Hard of hearing music alumnus presents Silent Garden Lecture on ‘Embodied Sound’

With Madonna in the CD player and the volume maxed, the subwoofer drove expanding orbs of pressure that moved the room. Lying on the floor, a young Ethan Castro felt the waves vibrate through him and envelope his core, igniting a passion that would guide his life’s path. 

Doctors said Castro, who was born with significant hearing loss, could be successful in just about any career except music. But he learned to experience sound beyond his ears, turning listening into a whole-body perception. With listening muted, he developed a feeling of sound that led him to start two businesses in the music industry and break new ground in sound technology. Through that vibration he felt on the floor as a child, he now redefines how people can experience audio, creating a holistic musical experience.

Castro — a Fresno State alumnus, University of California, Riverside Ph.D. candidate and multiple business owner —  doctor of audiology Sheri Mello as the keynote speakers at the 11th annual Silent Garden Lecture on Saturday, Feb. 25, at the Satellite Student Union at Fresno State. 

Registration is free and open to the public, but the continuing education units through the Registry of Interpreters for the Deaf, the Board of Evaluation of Interpreters, the American Speech-Language-Hearing Association or Fresno State are $35. Parking is suggested in Lots P15 or P6 and is free on weekends.

Silent Garden Lecture schedule:

  • 8:30 a.m. — Welcome
  • 8:45 a.m. — Panel discussion moderated by Ethan Castro
  • 9:45 a.m. — Ethan Castro keynote “Embodied sound for music appreciation”
  • 11:45 a.m. — Break
  • 1:15 p.m. — Panel discussion moderated by Dr. Sheri Mello
  • 2:15 p.m. — Dr. Sheri Mello keynote “What is that noise in my head?”
  • 4:15 p.m. — Closing ceremony

Mello’s talk, “What is that noise in my head,” will explore her work as the owner of a private audiology practice in Raleigh, North Carolina, and how her lived experience with tinnitus allows her to relate to her patients on a personal level.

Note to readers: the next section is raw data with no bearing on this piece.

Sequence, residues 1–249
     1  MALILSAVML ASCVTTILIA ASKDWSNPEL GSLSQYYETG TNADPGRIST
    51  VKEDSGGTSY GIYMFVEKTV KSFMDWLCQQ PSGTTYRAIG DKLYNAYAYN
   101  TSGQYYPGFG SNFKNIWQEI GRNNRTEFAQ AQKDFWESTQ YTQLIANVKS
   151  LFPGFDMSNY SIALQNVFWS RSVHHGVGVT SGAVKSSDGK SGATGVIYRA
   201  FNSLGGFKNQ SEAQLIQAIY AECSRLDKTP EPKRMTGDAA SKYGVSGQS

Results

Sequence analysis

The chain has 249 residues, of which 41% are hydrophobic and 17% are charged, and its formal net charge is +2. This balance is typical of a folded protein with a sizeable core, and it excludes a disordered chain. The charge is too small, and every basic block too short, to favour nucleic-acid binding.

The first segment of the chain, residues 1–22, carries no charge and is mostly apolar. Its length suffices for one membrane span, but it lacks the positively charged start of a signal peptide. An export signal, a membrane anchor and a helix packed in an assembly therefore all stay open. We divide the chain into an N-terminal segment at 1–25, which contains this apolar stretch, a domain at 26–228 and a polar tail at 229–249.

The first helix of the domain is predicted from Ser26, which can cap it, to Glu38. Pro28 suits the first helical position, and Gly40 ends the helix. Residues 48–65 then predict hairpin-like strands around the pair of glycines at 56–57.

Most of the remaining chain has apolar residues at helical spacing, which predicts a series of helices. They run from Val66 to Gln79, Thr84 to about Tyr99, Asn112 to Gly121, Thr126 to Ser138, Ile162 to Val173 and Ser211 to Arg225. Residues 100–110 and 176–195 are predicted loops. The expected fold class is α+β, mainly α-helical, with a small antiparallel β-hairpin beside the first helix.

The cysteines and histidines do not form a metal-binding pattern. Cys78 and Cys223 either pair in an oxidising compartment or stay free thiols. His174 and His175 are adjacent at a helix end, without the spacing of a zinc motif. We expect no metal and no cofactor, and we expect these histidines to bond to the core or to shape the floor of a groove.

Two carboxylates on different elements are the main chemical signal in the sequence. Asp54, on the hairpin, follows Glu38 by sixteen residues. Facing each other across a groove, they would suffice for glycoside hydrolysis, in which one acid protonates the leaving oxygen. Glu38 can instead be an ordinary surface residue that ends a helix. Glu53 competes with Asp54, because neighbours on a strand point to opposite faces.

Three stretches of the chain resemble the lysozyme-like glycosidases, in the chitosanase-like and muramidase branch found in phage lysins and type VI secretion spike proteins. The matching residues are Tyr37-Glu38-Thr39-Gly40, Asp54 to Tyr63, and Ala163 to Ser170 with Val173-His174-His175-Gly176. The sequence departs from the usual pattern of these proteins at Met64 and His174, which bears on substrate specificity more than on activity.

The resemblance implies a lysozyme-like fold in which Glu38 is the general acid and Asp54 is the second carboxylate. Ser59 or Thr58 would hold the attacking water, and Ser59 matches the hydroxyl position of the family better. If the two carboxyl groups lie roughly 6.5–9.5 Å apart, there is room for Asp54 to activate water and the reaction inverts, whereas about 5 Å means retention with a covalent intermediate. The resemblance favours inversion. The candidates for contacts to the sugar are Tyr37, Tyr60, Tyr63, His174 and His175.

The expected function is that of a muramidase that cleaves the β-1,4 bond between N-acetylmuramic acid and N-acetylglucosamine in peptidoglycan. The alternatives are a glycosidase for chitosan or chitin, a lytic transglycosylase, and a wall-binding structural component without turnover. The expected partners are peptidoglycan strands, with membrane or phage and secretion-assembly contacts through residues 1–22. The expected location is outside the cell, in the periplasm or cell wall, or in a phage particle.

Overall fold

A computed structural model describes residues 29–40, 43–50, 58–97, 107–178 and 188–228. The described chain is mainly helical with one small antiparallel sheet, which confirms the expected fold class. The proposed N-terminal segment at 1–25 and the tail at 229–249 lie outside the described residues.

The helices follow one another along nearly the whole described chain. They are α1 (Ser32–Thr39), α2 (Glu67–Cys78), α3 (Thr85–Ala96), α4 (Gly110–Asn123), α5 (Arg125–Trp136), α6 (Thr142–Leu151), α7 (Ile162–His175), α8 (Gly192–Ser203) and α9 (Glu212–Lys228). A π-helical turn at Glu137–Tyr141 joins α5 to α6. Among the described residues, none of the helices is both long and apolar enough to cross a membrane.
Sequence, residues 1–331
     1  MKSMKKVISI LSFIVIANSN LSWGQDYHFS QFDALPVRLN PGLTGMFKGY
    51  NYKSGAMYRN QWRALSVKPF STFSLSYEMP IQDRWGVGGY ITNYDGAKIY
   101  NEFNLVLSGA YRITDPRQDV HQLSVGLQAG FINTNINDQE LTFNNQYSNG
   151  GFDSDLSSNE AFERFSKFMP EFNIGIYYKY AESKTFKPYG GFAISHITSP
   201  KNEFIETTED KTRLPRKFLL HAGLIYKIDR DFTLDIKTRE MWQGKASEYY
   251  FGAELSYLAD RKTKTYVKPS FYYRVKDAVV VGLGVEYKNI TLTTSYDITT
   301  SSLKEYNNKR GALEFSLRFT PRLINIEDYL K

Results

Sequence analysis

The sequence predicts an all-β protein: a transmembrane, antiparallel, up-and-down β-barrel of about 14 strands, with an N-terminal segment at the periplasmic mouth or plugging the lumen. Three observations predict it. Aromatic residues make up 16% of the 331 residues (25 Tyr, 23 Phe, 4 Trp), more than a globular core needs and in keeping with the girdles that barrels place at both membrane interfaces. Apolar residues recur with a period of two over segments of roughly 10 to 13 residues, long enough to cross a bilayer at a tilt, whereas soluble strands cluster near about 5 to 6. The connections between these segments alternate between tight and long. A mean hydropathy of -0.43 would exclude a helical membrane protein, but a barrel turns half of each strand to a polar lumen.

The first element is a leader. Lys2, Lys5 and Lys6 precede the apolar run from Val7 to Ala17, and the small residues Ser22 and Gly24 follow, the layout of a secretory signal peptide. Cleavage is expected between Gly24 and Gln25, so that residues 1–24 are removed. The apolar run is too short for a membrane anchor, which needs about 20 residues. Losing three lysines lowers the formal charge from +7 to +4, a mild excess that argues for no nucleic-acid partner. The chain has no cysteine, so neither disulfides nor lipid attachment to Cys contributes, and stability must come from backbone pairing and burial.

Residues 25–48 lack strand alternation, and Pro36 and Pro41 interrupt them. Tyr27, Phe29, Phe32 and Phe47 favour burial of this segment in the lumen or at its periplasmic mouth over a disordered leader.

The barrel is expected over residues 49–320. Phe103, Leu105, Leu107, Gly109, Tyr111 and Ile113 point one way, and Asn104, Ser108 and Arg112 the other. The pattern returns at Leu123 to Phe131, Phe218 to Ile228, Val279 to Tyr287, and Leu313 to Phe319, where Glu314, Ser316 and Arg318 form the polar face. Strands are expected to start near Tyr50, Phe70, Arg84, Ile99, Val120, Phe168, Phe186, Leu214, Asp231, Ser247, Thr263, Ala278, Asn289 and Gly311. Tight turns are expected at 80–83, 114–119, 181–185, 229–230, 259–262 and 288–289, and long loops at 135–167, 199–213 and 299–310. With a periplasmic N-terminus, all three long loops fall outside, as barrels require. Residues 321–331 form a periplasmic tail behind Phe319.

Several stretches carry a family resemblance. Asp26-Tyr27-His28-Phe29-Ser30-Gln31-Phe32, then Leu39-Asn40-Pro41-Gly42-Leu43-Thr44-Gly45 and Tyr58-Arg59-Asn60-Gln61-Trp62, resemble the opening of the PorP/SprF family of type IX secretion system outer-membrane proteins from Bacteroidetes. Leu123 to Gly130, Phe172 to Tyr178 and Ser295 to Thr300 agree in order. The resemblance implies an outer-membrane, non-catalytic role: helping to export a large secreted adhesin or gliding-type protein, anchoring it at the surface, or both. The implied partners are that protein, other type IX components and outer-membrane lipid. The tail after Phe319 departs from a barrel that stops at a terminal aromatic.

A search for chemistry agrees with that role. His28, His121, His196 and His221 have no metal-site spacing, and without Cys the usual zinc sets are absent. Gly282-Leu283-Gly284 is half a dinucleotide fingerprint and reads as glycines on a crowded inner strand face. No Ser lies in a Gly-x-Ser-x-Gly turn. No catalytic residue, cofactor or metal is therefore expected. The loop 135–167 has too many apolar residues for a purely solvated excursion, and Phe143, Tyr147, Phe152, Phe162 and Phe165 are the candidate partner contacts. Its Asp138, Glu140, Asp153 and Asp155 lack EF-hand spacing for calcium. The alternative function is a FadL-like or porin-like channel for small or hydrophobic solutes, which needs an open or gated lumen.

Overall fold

In Castro’s talk, “Embodied Sound for Music Appreciation,” he will discuss his patent-pending audio technology, which incorporates hearing and feeling through micro-vibrations to enhance the experience of sound. 

Castro pursued his passion for music at Fresno State, earning his bachelor’s degree in music theory and composition before achieving an M.A. at California State University, Northridge in music industry administration and is now a Ph.D. candidate in digital composition at the University of California, Riverside. While at Riverside, he formed the Experimental Acoustical Research Studio Student Group (EARS), a local interdisciplinary collaboration dedicated to advancing new multi-disciplinary approaches to sound in electroacoustic music and multimedia with all students. 

In 2019, he cofounded EDGE Sound Research, Inc., based on his invention of a system to translate sound into vibrations to enhance communication with Deaf/hard of hearing individuals and those with intellectual and developmental disabilities.

In honor of their son Ethan and all that he has accomplished, Desiree and Emmett Castro established the Ethan Emmett Castro Hard of Hearing Endowment in the Silent Garden at Fresno State with a donation of $244,119. The endowment supports programming and community outreach for the hard of hearing.

“Ethan is an excellent example of what happens when a timely intervention is applied. Not only has he been able to finish all levels of education, but he has also thrived with honors,” said Desiree Castro, nutritionist and retired Deaf and hard of hearing teacher. “This endowment is meant to help to educate and empower hard of hearing children, individuals and their parents to have access to information, resources and community support.”

Desiree’s husband, Emmett, president and certified public accountant of Castro Accountancy Corporation, said charitable giving has been the backbone of their marriage. “The endowment was established to create awareness of how a child with lifelong hearing challenges could take such a situation and not let it define them.”

Founded in 2008, the Silent Garden is a series of unique programs in the College of Health and Human Services that provides free educational conferences and resources to support D/deaf and hard of hearing individuals, families, teachers and other professionals working in the Central California region. This year’s lecture is sponsored by the Fresno State College of Health and Human Services, the Laurence W. Levine Foundation and the Ethan Emmett Castro Hard of Hearing Endowment in the Silent Garden.

“This endowment will allow us to proactively reach out to adults and seniors dealing with hearing loss. We feel honored to have the opportunity to be a resource for them,” said Dr. Paul Ogden, professor emeritus and founder of the Silent Garden. “In addition to sharing Ethan’s groundbreaking journey with the experience of music for the deaf and hard of hearing, the endowment this year will provide resources to address tinnitus, a difficult ailment to treat.”

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Fresno State College of Arts and Humanities Communication Specialist

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